Wednesday, July 24, 2024

When Finally Filing CC&E Reports Makes Matters Worse: The JaNan Arnold Davis Story

If you followed along with our Tournament of Fools,1 you might have noticed this post from March 14, wherein we wrote:

Luckily for Davis, her plan to simply ignore the rules and play the game her own way went unchecked for yet another round. Observers had no explanation for it. “It’s like…everyone else is playing by the same rules, and she’s just ignoring them entirely, but nobody seems to care,” said one fan. “How can she do that?” asked another. “Aren’t there requirements about who has to do certain things when?”

That snarky blurb was an allusion to the fact that, as of the date of that post, Little Rock District Court Judge candidate JaNan Arnold Davis had not filed any financial disclosures, despite having been campaigning for the position since late October or early November of 2017.

You see, under Arkansas law, once a candidate is accepting funds, certain reporting deadlines kick in, and the first deadline for Davis would have been the Fourth Quarter 2017 report, which was due by January 15, 2018. Then, because 2018 is an election year, Davis was responsible for monthly reports starting with January, with the January report due by February 15, the February report due by March 15, etc.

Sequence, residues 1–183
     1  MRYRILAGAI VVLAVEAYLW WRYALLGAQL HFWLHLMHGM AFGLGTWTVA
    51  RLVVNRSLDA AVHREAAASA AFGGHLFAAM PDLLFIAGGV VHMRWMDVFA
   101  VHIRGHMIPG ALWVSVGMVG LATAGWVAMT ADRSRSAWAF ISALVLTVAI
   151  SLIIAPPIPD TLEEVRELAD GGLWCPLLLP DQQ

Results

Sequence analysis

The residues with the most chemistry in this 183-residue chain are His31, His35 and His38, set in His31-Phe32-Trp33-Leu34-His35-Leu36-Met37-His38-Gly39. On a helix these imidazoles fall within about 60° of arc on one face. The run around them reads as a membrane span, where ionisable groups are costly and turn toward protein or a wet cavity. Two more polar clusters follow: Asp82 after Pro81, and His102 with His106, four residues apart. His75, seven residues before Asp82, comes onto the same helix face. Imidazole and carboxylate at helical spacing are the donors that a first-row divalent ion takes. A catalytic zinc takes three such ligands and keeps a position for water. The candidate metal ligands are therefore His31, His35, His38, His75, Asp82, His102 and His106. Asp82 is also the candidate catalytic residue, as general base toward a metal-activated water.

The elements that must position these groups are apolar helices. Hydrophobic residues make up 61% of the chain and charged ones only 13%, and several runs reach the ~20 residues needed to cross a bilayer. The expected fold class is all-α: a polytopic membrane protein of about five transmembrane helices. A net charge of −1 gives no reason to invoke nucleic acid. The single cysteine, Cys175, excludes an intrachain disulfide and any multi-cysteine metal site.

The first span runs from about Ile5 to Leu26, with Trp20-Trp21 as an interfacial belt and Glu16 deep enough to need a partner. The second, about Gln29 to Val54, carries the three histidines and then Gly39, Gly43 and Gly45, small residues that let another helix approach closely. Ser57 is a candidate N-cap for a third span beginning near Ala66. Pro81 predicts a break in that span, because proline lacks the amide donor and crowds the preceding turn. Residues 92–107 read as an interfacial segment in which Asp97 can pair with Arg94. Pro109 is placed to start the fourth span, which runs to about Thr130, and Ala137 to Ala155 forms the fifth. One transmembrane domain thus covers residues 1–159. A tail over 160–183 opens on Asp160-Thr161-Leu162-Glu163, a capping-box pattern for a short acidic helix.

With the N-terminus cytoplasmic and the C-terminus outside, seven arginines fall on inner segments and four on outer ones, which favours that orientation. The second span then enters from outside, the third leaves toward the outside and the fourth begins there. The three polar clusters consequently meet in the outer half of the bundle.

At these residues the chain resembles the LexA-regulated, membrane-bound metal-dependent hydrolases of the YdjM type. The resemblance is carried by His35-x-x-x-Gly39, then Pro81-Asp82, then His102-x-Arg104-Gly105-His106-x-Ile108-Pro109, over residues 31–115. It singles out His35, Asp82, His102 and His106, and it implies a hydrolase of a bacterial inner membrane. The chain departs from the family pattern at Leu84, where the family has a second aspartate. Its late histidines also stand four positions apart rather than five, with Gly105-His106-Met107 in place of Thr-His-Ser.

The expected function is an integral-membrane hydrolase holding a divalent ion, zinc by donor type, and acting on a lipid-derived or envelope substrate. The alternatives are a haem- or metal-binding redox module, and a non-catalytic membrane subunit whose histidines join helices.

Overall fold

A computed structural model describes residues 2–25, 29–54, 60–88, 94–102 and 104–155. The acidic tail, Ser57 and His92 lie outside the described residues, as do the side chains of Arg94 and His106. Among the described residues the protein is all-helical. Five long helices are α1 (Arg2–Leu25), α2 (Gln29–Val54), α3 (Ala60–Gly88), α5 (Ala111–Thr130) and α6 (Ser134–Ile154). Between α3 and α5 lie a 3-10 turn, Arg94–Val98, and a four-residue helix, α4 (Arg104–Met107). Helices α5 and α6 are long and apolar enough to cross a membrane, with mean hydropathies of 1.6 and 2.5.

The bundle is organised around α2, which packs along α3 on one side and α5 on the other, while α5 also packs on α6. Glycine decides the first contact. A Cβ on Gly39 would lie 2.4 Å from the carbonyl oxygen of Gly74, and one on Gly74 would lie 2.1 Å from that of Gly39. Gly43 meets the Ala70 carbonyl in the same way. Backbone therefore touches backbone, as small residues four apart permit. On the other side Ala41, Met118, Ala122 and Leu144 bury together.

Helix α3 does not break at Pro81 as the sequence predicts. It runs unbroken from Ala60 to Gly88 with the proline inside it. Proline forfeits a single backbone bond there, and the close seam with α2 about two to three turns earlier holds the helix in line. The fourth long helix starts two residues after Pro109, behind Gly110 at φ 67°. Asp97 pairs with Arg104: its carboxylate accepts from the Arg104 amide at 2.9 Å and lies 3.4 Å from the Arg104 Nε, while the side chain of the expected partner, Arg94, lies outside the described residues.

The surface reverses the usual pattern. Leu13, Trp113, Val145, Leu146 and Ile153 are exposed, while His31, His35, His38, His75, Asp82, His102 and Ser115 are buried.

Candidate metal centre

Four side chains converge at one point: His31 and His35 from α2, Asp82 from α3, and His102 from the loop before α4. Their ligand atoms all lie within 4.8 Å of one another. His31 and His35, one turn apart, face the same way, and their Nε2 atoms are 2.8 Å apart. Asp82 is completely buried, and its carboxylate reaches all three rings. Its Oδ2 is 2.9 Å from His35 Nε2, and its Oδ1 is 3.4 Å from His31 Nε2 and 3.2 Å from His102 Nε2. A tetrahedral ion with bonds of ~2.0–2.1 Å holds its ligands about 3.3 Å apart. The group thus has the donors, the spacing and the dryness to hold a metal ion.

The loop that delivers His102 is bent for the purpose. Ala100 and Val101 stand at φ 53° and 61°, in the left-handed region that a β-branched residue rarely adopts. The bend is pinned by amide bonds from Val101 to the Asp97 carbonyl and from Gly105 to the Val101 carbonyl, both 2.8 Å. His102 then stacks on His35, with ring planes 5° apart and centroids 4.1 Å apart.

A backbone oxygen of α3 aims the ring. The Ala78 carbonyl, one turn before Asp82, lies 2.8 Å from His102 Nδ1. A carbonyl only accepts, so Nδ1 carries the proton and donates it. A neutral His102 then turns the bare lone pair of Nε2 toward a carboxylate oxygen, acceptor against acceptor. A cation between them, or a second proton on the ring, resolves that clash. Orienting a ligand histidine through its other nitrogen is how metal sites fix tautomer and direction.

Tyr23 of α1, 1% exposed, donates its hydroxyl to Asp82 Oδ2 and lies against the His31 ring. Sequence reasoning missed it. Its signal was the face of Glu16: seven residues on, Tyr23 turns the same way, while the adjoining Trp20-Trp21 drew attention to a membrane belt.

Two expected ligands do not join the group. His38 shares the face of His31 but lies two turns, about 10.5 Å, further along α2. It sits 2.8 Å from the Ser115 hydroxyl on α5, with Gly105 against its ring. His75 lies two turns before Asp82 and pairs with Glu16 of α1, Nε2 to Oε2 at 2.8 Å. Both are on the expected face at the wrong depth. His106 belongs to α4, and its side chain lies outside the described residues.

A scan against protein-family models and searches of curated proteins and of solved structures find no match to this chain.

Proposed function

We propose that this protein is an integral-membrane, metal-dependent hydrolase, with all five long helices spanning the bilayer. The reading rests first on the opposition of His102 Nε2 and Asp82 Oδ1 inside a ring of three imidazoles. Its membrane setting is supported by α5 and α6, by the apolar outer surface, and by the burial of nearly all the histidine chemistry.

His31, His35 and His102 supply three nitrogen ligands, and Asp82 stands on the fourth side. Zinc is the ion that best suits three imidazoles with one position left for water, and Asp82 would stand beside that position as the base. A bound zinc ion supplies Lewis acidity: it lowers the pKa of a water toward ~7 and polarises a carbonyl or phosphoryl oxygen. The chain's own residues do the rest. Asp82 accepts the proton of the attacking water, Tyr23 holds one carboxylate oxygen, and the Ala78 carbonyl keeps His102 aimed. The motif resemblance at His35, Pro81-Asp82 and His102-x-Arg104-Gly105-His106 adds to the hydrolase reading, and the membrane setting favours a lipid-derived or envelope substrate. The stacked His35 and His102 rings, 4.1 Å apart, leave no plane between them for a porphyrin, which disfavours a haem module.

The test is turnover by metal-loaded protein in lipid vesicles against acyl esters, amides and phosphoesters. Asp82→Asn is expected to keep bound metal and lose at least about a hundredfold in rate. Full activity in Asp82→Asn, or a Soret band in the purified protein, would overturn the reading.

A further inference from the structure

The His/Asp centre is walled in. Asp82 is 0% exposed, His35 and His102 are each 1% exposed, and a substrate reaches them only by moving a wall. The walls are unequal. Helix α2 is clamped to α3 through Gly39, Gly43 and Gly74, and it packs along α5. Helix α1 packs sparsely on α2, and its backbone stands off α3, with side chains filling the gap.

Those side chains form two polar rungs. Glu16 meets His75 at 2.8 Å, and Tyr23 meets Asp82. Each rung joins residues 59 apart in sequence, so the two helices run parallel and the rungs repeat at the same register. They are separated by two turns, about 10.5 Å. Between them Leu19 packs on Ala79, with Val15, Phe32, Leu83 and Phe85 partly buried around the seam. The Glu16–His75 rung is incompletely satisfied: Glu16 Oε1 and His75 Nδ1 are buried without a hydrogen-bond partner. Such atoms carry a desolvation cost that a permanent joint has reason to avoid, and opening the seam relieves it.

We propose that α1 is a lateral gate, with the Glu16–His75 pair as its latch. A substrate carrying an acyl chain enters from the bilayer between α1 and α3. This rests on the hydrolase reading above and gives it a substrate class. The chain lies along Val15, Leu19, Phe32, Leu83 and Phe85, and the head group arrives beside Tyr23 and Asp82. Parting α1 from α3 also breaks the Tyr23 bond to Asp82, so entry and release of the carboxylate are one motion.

On March 15, Davis finally filed her Fourth Quarter 2017 report, along with her January and February reports (though the February report was later amended on April 3). So, by the time we were originally going to report on her lack of filings, that part had been corrected.

Thing is, if you spend five minutes comparing the reports to reality, a whole new set of issues crop up.

For instance, a quick check of Davis’s campaign Facebook page shows that she had campaign buttons at least as far back as October 14, 2017.

Buttons aren’t free, of course, so one would expect to see an expenditure for the buttons on the Fourth Quarter 2017 report. Except there isn’t one. In fact, there are no expenditures on that report. “But, wait!” you might be saying. “What if the buttons were free?!” Well, devil’s advocate, that would not matter, because even a “free” thing like that must be reported as an in-kind contribution to the campaign, which it also was not. The purchase (or in-kind contributions) of the buttons don’t show up on the January, February, or March reports, either (including the amended February and amended March reports).

Similarly, we know she has campaign cards:

And signs:

No expenditures for those appear in any of the reports as well.